Prior to the Thanksgiving holiday I was in Savannah, GA at the Council of Chief State School Officers Annual Policy Forum. At this event a couple of things happened that were of consequence. The organization said a formal goodbye to retiring executive director, Gene Wilhoit, and welcomed their new executive director, Chris Minnich. There is a consistent thread between these two men (beyond the obvious connection and commitment to the Common Core), both believe that state education agencies (SEAs) must change by dynamically linking standards, accountability, and innovation. Both men spoke about this issue with eloquence and urgency which echoes to the challenges proposed by President Obama and Secretary Duncan that SEAs must become “engines of innovation.” Race to the Top, among other ventures, was intended to propel states in that direction.
I have met with over 25 SEAs in the last year and a half. I can attest that all SEAs are struggling on this front. This is not an indictment of the good people in these agencies but of the chasm that exists between the old compliance system and the new, more nimble innovation driven system. Many states have pushed through some incredible innovation models (Colorado and Kentucky come to mind). The facts are that over the last few years, states have become the driver of much of the reforms in our nation’s schools and school systems. Increasingly federal law and programs offered by many on both sides of the aisle recognize this fact. We propose to build upon this trend by ensuring that federal programs and resources support the development and improvement of state capacity to respond to the challenges facing their schools and school districts. States armed with the means and ability to drive reform among their schools will be effective at driving change.
Greater awareness and use of evidence based practices is critical to the success of the states. For too long federal formula and competitive grant programs have not required or even incentivized the use of evidence based practices. This translates into less effective use of federal, state, and local funds, resulting in poorer outcomes for children.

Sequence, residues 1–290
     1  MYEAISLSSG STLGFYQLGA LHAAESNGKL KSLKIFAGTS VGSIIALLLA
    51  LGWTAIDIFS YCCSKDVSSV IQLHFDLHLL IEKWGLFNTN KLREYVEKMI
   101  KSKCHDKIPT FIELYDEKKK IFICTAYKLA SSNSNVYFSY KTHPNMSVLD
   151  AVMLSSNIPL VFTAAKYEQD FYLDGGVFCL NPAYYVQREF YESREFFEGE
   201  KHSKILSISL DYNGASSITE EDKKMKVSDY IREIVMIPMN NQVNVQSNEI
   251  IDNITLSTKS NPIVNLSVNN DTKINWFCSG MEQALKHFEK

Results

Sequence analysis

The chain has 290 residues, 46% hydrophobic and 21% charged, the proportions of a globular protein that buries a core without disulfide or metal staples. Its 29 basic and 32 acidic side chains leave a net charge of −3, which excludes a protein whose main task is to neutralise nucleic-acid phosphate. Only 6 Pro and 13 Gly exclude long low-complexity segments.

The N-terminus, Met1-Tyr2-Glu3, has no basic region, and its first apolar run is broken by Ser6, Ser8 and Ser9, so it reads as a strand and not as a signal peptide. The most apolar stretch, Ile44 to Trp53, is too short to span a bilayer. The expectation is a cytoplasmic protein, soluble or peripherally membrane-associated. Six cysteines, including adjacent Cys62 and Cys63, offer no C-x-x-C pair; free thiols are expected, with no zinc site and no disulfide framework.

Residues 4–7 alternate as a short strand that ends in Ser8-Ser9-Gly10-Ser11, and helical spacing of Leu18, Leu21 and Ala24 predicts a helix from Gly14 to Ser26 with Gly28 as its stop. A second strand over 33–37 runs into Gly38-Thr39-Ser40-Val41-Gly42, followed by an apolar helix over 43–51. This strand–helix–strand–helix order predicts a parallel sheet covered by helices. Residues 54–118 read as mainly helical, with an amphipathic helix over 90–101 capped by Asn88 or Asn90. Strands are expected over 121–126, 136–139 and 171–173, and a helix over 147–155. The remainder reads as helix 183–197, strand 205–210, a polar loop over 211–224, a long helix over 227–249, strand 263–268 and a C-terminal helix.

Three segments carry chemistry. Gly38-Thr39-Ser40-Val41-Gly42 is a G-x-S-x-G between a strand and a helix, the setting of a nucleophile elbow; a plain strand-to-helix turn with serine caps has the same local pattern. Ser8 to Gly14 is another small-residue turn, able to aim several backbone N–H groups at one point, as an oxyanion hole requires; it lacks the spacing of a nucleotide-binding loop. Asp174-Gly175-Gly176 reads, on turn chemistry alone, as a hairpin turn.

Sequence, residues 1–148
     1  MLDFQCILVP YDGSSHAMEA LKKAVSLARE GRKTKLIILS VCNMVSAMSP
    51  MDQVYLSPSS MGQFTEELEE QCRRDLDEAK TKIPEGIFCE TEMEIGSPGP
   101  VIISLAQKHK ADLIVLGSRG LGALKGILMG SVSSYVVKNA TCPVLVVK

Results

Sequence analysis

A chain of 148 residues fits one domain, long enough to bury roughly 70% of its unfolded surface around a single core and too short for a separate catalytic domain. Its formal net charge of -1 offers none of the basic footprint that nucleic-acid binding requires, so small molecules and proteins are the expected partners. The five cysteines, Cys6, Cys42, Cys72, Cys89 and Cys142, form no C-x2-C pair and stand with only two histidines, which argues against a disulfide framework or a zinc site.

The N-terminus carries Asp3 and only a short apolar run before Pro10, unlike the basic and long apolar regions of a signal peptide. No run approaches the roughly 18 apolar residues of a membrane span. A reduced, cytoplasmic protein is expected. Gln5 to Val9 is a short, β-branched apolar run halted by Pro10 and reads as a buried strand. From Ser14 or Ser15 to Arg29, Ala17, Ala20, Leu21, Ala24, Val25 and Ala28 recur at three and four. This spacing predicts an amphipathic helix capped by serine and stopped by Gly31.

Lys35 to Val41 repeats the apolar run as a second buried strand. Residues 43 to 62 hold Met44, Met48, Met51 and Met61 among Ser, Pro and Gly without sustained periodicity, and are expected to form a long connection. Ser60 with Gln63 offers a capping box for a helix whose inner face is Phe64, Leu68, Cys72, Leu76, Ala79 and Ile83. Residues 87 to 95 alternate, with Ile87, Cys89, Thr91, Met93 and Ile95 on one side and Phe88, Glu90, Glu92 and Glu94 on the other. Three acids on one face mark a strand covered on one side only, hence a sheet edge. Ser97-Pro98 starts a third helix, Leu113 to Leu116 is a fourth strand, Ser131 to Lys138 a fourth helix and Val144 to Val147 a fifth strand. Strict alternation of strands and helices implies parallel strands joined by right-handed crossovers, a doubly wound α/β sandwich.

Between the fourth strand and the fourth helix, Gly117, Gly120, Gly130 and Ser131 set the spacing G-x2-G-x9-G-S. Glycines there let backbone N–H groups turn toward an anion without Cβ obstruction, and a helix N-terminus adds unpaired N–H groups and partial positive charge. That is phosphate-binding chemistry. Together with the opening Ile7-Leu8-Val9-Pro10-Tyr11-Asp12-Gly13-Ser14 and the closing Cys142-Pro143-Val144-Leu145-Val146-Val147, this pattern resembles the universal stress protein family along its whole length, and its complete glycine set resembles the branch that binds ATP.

To remedy this, KnowledgeWorks recommends the federal government provide incentives for states to establish public-private entities focused on identifying and scaling innovative practices; more effective use of Title I funding to replicate the use of evidence based practices; and greater use of evidence-based approaches by those receiving federal grants:
(1) Encourage states to establish public-private agencies that can identify and scale innovative practices proven to drive better outcomes for children. States could use these agencies to scale effective practices that are difficult or challenging for existing state educational agencies.
(2) Incentivize states to use evidence based practices by allowing states to keep a larger portion of federal funding when outcomes are met. This could be accomplished through competitive grants and certain formula programs such as the Title I state set-aside. We believe this can be accomplished through a series of administrative and legislative actions.
(3) States should give priority to competitive grant applicants proposing to use evidence based practices. We believe this largely must be accomplished through legislative changes, but in some programs, such as the SIG program, this may be done administratively.
SEAs are charged with tasks of significance when it comes to education whether it is college ready standards, School Improvement Grants, Race to the Top, new accountability systems through ESEA waivers, or driving innovation into a resistant system (to just name a few). These recommendations acknowledge the new reality and equip SEAs with the tools they need to truly become “engines of innovations.”